While observing mega fauna is always enjoyable, there is more to a safari than just the elephant. Birds, insects and the flora are all integral to the jungle and our naturalists specialise in showing these wonders to all. Joshua whose interest in the jungle starts after the safari is over and guests are safely ensconced in their tents writes about a few
denizens of the forest.
It’s a Jungle Down There
Each morning and evening, the guests at our JLR locations return from their jeep safaris, elephant treks, coracle and boat rides and share tales with each other of what they saw in Karnataka’s untamed wilderness. The avid nature lover, wildlife photographer, and city slicker alike huddle together to discuss which of the big five were seen - elephant, gaur, dhole, leopard, or hopefully even a tiger.
Between rides, many rest and the children play, while at night we go to bed soon after dinner to be ready for a very early rise to go back into the jungle. But, as exciting as it is to spot our incredible big mammals - and especially the mega predators - your safari need not stop when you come back to our lodges: the jungle is not only found beyond our campuses.
Metres from our rooms and tents, tiny hunters and hunted play out the same deadly game of survival as the big, hoofed animals play against claws and paws, but often with even more ingenious and incredible techniques and capabilities. But don’t hide in your room!
These creatures are safe to observe up close - if you can find them. So, get a torch and maybe a magnifying glass and look around the properties to see another dimension of our jungles - for a fascinating wilderness lurks right beneath your nose.
Praying mantises mimic flowers or leaves and wait for a grasshopper to come too close, which they will snatch and crush with spiked forelegs more powerful in relation to their size than most larger predators have at their disposal. And, while the innocent looking ladybird beetle may look pretty to us, it is a voracious predator, devouring aphids and other tiny insects - and it’s attractive wing covers that comprise its shell is not for decoration. Meanwhile, scorpions prowl the leaf litter, immobilising prey with a perfectly aimed flick over the head of their tail-shaped abdomen, which ends in a deadly stinger.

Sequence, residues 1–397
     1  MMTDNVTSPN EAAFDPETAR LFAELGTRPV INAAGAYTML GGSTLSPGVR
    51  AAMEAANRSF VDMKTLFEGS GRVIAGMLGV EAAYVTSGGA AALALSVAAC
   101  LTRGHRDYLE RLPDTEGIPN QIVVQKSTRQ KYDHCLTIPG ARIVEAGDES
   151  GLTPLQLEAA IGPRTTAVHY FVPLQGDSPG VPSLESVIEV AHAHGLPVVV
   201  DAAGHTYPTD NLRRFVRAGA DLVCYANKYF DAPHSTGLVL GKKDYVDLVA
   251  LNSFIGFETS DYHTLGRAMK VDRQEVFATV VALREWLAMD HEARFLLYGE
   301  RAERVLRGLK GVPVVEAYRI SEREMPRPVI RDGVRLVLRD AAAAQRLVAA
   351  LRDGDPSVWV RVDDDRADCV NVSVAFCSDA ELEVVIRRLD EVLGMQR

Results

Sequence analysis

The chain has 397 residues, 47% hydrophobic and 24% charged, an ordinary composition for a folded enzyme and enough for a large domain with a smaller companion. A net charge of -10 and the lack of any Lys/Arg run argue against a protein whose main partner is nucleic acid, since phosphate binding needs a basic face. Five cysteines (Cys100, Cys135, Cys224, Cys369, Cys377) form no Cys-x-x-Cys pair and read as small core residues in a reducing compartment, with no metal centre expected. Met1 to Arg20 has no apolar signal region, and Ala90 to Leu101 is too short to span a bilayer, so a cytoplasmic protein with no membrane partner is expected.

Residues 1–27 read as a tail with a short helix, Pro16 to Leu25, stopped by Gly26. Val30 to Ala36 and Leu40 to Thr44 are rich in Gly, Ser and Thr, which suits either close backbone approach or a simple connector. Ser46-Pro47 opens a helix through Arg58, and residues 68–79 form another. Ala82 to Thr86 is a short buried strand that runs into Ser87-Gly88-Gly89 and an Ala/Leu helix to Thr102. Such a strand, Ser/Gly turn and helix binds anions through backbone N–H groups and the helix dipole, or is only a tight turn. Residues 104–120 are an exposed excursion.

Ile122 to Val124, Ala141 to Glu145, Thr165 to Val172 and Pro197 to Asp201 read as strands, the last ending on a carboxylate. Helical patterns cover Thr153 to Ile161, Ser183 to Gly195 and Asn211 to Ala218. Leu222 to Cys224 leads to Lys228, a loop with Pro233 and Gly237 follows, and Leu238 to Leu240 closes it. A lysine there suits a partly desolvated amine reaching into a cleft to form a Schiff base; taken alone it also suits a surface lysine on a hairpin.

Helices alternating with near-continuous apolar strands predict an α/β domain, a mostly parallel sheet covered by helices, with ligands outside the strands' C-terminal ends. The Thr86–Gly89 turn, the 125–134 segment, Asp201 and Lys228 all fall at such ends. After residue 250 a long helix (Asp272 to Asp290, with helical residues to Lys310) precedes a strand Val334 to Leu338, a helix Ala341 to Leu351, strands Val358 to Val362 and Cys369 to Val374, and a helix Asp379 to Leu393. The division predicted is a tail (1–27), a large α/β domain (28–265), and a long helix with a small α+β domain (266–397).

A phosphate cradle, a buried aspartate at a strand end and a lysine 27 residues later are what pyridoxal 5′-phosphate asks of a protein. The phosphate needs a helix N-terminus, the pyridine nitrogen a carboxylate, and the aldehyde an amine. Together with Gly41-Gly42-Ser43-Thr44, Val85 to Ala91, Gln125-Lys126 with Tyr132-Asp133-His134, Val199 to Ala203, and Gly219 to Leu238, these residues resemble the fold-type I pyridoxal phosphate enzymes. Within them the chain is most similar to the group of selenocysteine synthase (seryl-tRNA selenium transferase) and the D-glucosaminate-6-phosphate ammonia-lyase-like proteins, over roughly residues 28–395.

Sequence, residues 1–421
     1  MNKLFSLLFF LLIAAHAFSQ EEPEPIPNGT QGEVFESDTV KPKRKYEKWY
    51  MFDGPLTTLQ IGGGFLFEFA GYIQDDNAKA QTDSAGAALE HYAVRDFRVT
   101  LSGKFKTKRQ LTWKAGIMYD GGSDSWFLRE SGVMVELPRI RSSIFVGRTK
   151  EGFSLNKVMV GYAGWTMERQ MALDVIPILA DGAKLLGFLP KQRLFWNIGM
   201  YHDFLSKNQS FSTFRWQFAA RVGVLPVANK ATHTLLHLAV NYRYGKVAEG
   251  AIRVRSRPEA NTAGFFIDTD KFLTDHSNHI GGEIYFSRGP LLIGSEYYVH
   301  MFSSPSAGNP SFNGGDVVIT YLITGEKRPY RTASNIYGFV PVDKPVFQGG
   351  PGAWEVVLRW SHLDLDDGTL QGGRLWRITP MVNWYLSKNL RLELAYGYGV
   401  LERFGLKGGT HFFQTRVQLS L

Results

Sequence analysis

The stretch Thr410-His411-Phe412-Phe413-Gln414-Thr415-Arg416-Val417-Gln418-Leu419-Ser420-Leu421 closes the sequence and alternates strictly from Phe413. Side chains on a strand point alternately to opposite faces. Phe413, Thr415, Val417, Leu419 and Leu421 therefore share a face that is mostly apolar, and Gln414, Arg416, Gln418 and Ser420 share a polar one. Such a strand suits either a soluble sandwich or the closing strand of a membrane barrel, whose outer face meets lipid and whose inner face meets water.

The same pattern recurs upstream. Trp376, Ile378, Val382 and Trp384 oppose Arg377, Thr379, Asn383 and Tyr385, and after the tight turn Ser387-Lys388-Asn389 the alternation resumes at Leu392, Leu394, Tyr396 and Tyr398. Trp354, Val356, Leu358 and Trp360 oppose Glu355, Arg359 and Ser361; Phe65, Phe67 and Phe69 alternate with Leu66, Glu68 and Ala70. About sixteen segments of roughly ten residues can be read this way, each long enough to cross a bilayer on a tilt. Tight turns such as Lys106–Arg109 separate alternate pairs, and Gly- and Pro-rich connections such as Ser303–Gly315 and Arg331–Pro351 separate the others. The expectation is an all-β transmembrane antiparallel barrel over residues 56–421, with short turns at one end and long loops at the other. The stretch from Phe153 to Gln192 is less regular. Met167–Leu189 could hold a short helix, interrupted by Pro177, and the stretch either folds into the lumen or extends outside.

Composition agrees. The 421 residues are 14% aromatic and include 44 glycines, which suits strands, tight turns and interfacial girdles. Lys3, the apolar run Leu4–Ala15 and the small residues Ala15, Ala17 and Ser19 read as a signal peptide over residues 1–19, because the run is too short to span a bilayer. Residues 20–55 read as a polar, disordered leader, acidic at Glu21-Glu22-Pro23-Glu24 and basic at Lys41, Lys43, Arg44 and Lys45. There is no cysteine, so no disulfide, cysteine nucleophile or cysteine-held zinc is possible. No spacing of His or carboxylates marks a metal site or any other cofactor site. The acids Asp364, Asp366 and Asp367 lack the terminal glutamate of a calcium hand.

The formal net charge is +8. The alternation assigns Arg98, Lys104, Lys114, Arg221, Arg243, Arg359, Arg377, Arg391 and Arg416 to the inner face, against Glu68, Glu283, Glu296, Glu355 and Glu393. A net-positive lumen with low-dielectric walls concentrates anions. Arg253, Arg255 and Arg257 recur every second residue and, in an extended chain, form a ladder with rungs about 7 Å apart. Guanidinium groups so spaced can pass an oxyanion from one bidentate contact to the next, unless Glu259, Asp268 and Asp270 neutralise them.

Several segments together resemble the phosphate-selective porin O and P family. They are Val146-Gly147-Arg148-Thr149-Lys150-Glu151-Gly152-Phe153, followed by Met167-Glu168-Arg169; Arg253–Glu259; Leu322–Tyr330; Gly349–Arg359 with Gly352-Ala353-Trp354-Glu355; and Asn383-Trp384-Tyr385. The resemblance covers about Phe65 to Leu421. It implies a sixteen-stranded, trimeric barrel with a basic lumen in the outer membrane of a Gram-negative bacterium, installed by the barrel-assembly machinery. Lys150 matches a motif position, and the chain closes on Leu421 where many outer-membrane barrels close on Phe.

Of all the predators in the micro jungle, spiders are perhaps the most fascinating and likely the most varied and incredible in hunting techniques. Myriad spider species are to be found, all with wondrous and deadly techniques. Some, like the orb-weaving spider, decorate their webs with pieces of plants or flowers - even making little baubles of extra shiny silk - to lure insect prey to their doom.
They make their webs of silk from a protein, forming strands which are stronger than steel for their diameter. Some strands are made sticky for catching prey, others strands are non-sticky for the spiders to walk on without getting entangled themselves. Other spiders make holes in the ground and build a trap door of silk and forest debris, which they flip open to jump out of at lightning speed to seize an unsuspecting victim passing by.
Another spider has evolved to look just like the ants on which they prey, lurking among them and even tricking the ants with pheromones to make them “think” that the spider is one of them. It has no poison, and has to stab its hapless victim with its sharp mandibles. Once prey is caught, almost all spiders inject their quarry with an enzyme which dissolves their prey from the inside, allowing them to suck their meal dry. And you thought that wild dogs or tigers were the jungle’s cold killing machines.
All around in the bushes, trees, leaf litter and maybe just outside on your windowsill, thousands of species use ingenious hunting methods, camouflage and protection tactics to survive and thrive. Truly, the food chain goes down to the smallest of links, and witnessing it is a fascinating lesson in the relentless, dazzling cycle of life.